Sasha Pivovarova Has the Stare of a Sniper

Photo by Hedi Slimane

Since the world came to know her as Miuccia Prada’s elfin muse in 2005, Russian model Sasha Pivovarova has stalked elite runways, graced the cover of high fashion glossies the world over, and upstaged her cloned peers with her razor-sharp, sweetly sinister appeal. In her pictorial wake, she leaves a full cast of gonzo characters: Hitchcock Blondes and beautifully deranged mental patients; even a gender-challenging John Galliano. Now 23, Pivovarova still dominates her field, and has effectively muse-hopped between Prada and Galliano, recently starring in his new Dior campaign, and ads for Armani, Longchamp, Chanel Eyewear, Biotherm, and Pringle. Sasha, who now primarily resides in an artist’s loft in Brooklyn, is eager to challenge herself, and follows up her first exhibition in 2008 with drawings for Prada. Interview caught up with the very engaging Miss Pivovarova just before the new year.

Colleen Nika: You now live in Brooklyn: Whatare your favorite places there? Is it much colder than Moscow?
Sasha Pivovarova: My favorite area in Brooklyn is Williamsburg. There are lots of nice little shops and cafes on Bedford Street: I really like the art bookshop Spoonbill & Sugartown on North 5th and Bedford. My favorite places to eat are diners on Broadway and Berry, Marlow and Sons, a very cozy Brazilian place called Miss Favela, where I have Asai for breakfast and listen to live music in the evenings,  and a Mexican place called Bonita, which is really great for rice puddings. My favorite places in Moscow are the Pushkin Museum of Fine Art: It has a wonderful collection of  Impressionists; the Justo club, and Sandyni Bath, which is the oldest bath house in Moscow. For Russian food, I like the Zhiguli restaurant. And so far, New York is much colder than Moscow!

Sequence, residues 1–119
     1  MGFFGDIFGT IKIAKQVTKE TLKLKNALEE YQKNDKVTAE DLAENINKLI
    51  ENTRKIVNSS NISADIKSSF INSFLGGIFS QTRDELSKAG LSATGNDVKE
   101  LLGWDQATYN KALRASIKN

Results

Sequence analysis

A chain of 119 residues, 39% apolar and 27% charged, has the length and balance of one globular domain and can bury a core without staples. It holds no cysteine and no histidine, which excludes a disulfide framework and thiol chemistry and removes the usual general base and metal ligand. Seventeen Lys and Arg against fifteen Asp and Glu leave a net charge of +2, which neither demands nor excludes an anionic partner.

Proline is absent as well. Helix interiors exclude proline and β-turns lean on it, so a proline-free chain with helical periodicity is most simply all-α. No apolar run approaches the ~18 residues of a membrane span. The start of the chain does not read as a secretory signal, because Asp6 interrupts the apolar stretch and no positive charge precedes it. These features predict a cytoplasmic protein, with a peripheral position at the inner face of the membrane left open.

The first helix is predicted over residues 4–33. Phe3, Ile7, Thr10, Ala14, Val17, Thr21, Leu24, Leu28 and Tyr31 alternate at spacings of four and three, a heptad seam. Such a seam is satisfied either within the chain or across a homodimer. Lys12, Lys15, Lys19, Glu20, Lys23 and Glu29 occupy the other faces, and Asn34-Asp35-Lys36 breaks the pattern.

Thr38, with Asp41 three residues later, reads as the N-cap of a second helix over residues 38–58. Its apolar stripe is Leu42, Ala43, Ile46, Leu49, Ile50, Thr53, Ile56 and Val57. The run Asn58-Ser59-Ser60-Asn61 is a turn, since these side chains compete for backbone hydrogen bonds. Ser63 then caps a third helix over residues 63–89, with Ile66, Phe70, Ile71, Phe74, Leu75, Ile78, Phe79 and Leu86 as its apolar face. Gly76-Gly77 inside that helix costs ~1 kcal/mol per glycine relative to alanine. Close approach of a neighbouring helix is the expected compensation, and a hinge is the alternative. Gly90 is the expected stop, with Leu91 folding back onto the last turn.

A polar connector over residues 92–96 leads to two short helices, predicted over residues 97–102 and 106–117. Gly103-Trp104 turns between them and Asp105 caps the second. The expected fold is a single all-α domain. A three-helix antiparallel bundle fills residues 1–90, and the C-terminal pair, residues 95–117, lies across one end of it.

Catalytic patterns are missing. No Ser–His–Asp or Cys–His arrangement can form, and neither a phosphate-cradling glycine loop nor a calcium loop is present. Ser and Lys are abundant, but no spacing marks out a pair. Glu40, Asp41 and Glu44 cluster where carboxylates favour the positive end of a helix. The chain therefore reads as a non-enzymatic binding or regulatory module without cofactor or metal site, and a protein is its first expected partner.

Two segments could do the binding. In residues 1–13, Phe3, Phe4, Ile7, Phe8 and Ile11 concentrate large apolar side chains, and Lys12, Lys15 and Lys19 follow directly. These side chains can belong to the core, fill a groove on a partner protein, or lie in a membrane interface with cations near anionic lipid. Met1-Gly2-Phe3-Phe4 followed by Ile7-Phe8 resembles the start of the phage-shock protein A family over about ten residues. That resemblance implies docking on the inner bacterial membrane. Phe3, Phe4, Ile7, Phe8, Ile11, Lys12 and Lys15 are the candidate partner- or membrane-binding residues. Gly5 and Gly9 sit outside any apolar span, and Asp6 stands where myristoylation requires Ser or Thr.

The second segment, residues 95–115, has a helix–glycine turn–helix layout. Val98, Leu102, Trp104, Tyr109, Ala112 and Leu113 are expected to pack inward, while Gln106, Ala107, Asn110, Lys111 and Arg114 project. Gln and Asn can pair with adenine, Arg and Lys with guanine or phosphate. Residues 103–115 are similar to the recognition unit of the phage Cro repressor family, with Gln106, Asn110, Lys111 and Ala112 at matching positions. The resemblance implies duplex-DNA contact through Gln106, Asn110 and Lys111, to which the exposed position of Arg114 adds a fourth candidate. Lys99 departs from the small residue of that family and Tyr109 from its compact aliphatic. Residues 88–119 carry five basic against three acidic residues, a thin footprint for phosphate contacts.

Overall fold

CN: Did you have a New Year’s resolution?
SP: I was on board 168 airline flights in 2008! My New Years resolution this year is to spend more time with my family.

CN: You had your first gallery exhibit in 2008. And you are making a book for Prada.
SP: I am working on a book of drawings: it will be in the form of a scrapbook and include drawings, photography, and collages. It’s an endless process because I am constantly changing and adding new images/ I really hope to publish it in upcoming year—this was my other New Year’s resolution!

CN: You have such a signature feline runway presence, and were one of the first models I remember to capture the militant but alluring “death stare” that so many others others now emulate. Did it come naturally to you?
SP: I just walk how I walk. But I am also really inspired by the physical drama in silent films from the beginning of the 20th century—it’s ice cold and unreachable, like the stare of a sniper! I guess this look is something new that I brought into the world of fashion: a dark and dramatic, 19th century Russian literature and drama inspired look. But in a real life I am very positive and smile most of the time [smiles].